Berkshire cited a benefit from higher premiums over the last year and lower claim frequencies, as well as a reduction in advertising spending.
Still, over the last 12 months, policies-in-force decreased by 2.7 million, suggesting the cuts to advertising spending are costing the conglomerate’s auto insurer market share.
In recent years, the conglomerate has struggled with a high-class problem: a surplus of cash and nothing to spend it on as elevated public-market valuations deprive the billionaire investor of acquisition targets.
Higher interest rates will have taken some pressure off holding that cash, according to Bloomberg Intelligence.
“Berkshire Hathaway’s diverse businesses contribute to long-term earnings power; a slowing economy and inflation are risks but the company largely has shrugged them off to date. CEO Warren Buffett said operating companies’ earnings could decline this year but a significant rise in interest income would be an offset,” according to Matthew Palazola, BI senior industry analyst, and Eric Bedell, BI associate analyst.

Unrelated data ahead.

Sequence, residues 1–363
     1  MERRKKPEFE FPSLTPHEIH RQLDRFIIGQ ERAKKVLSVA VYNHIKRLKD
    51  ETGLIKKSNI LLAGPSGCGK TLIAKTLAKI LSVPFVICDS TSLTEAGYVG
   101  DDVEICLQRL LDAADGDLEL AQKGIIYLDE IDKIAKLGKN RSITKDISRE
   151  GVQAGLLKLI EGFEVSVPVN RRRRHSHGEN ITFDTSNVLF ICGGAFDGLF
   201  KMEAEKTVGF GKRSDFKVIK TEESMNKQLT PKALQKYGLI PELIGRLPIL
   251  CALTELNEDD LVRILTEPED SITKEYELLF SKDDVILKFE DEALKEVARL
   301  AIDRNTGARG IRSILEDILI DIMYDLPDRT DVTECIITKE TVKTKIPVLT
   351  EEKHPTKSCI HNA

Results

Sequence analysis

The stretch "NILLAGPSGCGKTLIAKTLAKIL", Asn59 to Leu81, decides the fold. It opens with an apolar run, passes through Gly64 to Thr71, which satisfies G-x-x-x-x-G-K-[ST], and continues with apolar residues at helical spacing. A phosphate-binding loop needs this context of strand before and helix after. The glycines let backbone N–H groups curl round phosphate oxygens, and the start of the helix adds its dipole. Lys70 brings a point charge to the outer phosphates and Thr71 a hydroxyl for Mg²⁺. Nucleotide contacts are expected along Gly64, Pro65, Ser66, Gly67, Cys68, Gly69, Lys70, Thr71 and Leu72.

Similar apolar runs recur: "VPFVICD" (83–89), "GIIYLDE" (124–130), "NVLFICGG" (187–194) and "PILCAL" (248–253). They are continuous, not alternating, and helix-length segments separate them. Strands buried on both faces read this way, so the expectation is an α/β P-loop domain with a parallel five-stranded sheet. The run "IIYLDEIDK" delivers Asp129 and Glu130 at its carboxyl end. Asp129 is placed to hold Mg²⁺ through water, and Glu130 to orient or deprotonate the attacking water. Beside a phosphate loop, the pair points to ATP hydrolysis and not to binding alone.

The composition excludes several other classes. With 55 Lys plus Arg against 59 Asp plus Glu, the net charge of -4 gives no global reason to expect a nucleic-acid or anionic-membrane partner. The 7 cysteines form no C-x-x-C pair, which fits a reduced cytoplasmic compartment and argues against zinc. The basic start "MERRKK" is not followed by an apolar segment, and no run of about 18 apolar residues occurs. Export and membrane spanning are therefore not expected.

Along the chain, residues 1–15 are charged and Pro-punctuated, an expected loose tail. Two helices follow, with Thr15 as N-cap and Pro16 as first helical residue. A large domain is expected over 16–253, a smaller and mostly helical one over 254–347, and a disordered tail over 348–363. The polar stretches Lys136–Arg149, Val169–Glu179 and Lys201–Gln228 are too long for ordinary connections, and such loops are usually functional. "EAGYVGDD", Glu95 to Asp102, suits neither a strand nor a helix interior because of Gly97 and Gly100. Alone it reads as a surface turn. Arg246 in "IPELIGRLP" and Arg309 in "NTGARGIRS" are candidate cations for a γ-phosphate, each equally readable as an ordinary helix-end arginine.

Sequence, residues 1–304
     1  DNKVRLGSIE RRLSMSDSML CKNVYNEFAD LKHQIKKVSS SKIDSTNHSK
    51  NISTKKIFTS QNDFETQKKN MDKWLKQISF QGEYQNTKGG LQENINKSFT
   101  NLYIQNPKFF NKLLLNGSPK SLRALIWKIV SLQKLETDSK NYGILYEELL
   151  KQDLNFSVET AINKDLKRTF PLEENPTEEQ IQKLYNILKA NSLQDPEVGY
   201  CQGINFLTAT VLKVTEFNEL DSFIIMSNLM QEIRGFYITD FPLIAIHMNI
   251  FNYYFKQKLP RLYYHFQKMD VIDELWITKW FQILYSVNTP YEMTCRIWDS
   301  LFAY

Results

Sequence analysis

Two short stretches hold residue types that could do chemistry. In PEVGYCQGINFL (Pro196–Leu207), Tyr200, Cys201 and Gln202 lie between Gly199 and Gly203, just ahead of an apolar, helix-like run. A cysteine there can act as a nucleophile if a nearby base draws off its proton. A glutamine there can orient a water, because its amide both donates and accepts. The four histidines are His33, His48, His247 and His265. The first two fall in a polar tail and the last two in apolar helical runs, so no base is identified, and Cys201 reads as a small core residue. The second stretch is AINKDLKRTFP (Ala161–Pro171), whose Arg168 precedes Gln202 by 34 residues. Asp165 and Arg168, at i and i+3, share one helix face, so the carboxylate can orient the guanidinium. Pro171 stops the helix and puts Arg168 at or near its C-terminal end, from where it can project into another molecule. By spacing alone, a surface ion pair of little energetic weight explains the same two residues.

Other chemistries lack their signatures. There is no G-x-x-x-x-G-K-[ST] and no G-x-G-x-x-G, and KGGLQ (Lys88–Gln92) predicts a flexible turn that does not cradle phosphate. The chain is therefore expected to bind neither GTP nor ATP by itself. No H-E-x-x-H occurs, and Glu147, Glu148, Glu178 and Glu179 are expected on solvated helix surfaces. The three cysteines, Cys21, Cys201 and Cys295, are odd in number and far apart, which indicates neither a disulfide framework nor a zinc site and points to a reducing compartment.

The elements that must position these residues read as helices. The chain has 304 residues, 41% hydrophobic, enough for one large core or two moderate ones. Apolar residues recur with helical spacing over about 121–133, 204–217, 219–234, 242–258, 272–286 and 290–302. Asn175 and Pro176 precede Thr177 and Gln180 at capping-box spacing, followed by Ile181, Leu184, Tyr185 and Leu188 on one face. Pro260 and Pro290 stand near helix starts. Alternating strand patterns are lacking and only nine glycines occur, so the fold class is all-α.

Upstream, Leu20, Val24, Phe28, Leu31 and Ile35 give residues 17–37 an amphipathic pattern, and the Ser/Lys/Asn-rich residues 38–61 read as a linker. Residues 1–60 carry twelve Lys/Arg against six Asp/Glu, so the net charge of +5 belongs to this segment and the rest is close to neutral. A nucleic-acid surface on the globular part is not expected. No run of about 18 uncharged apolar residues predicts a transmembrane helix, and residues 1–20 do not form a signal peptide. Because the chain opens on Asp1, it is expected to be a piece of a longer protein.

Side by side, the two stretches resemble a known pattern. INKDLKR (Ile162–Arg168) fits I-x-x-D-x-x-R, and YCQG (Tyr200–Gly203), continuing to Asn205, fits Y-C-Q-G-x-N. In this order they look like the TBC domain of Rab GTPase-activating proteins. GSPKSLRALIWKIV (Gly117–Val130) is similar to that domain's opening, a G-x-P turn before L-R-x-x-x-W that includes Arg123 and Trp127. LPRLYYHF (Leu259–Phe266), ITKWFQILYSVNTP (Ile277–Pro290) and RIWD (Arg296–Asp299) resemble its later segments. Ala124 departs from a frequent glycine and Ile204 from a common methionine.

The dearth of opportunities has led Berkshire to pursue share buybacks at a more aggressive pace, a strategy Buffett once shunned. But the company’s Class B shares are nearing a record high, representing a potential impediment to that strategy.
Berkshire spent $1.4 billion in the quarter on share buybacks.
A value investor like Buffett “will tend to get a little frustrated with where valuations are,” said Cathy Seifert, an analyst with CFRA Research. “There’s an interesting inflection point here in terms of asset allocation within the investment portfolio, and I think people are going to be watching.”
The company was also a net seller of equities in the quarter.